Queensland islands you can drive to
An island adventure is only a road trip away.
You don’t need to travel overseas for a tropical island holiday – Australia has 8222 islands of its own. And these Queensland islands are only a road trip away.
Fraser Island, Queensland
Also known as the largest sand island in the world, the World Heritage-listed Fraser Island is a must for travellers. Lying off the coast of Hervey Bay and just south of the Great Barrier Reef’s coral cays, the island stretches for 123km and spans 166,000 hectares. Depending on the length of your stay, try the Great Walk, an eight-day adventure that visits many of Fraser’s freshwater lakes or go 4WDing along 75 Mile Beach. Fraser Island is accessible by car, air,bus and caravan. For transport information, click here.
RACQ journalist Sam Marsh said the journey to 75 Mile Beach was one of Queensland’s best road trips. Read about her adventure here.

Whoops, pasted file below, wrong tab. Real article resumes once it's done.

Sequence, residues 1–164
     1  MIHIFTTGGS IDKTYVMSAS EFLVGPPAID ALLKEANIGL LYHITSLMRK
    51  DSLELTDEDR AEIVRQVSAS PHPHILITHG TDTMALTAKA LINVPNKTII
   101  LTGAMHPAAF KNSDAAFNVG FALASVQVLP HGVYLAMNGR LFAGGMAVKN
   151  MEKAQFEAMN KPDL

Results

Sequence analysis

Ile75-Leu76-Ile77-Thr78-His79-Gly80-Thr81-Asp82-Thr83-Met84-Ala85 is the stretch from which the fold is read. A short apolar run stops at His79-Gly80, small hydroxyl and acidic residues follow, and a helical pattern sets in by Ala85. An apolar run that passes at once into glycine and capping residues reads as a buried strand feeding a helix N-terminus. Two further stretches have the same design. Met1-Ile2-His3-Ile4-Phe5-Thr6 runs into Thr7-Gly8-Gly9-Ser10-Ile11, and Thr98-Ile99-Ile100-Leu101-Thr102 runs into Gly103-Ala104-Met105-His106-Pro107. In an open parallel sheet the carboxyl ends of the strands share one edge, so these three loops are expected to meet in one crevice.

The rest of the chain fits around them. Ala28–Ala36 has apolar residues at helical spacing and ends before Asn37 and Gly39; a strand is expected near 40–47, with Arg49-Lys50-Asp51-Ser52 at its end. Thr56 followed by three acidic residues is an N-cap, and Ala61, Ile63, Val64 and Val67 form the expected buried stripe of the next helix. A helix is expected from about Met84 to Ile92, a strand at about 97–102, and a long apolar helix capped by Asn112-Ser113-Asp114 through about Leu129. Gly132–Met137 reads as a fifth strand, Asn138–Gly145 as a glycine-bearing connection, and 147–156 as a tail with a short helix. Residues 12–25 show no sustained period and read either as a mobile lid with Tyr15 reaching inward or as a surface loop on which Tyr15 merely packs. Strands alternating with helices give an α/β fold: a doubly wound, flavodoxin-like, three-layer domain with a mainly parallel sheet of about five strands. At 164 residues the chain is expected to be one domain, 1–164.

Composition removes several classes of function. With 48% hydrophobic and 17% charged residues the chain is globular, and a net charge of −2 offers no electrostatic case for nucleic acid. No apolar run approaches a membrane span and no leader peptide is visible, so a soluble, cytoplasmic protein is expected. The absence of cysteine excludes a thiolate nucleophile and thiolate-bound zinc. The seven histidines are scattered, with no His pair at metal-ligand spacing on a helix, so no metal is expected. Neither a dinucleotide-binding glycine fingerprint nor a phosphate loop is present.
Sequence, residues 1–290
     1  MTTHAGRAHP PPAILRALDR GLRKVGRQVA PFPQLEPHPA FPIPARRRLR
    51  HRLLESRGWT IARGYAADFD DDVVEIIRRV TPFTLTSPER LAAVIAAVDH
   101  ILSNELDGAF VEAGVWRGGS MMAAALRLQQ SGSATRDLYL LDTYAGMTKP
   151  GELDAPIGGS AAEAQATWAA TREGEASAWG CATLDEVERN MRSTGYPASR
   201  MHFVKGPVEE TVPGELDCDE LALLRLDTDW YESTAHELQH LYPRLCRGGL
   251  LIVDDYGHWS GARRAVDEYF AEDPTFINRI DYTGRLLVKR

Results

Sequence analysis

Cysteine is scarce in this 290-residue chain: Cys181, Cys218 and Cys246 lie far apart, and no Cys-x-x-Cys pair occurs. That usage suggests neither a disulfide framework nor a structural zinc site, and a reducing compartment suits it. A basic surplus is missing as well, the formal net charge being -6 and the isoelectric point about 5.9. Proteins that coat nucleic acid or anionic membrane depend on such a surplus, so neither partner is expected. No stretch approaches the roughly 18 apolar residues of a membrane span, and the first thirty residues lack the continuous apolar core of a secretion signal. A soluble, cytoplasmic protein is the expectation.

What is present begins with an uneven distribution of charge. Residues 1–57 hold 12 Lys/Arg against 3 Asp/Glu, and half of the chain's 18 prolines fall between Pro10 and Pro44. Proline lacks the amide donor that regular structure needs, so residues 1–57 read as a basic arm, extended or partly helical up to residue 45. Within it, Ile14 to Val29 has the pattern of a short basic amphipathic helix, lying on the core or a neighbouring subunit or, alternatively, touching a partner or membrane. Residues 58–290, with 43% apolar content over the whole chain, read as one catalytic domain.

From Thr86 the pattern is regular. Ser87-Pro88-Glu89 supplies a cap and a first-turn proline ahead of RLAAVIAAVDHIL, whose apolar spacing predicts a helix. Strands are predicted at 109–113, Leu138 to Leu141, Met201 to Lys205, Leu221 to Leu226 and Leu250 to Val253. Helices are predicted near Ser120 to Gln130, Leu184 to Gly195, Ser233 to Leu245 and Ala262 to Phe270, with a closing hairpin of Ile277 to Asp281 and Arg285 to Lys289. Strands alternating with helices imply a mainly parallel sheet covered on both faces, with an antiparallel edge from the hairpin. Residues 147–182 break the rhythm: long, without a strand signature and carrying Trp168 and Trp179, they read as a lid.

Moreton Island, Queensland
Located south of Fraser Island, Moreton Island’s beaches are known for swimming, sandboarding and dolphin spotting. You need a 4WD if you plan on driving on the island as it’s nearly entirely made up of sand with no roads. Travellers intending to stay overnight can camp, try nearby accommodation options or stay at the Tangalooma Island Resort. Those after adventure can swim the wrecks of 17 vessels deliberately sunk to create a snorkelling and dive sites for tourists and to form a breakwall for small boats. If you’re only heading to Moreton Island for the day, try a Tangalooma day trip, you'll need to catch the Moreton Island Ferry from Brisbane.
Moreton Island ranked highly in RACQ’s top seven Islands off Queensland.
North Stradbroke Island, Queensland
Only 25 minutes by ferry from Cleveland, Stradbroke Island is an ideal road trip from Brisbane. Affectionately known as ‘Straddie’ by locals, it’s the second-largest sand island in the world behind Fraser Island and is loved by surfers, couples, families and foodies alike for its long beaches, lakes, restaurants and National Parks. There’s a plethora of accommodation options from chalets, cottages, resorts, anchorages and camping available. Those keen to get off the beaten path can also hire a 4WD and explore Straddie at their own pace.
RACQ Managing Editor Deb Eccleston described Straddie as a paradise to anyone lucky enough to visit, read about her journey here.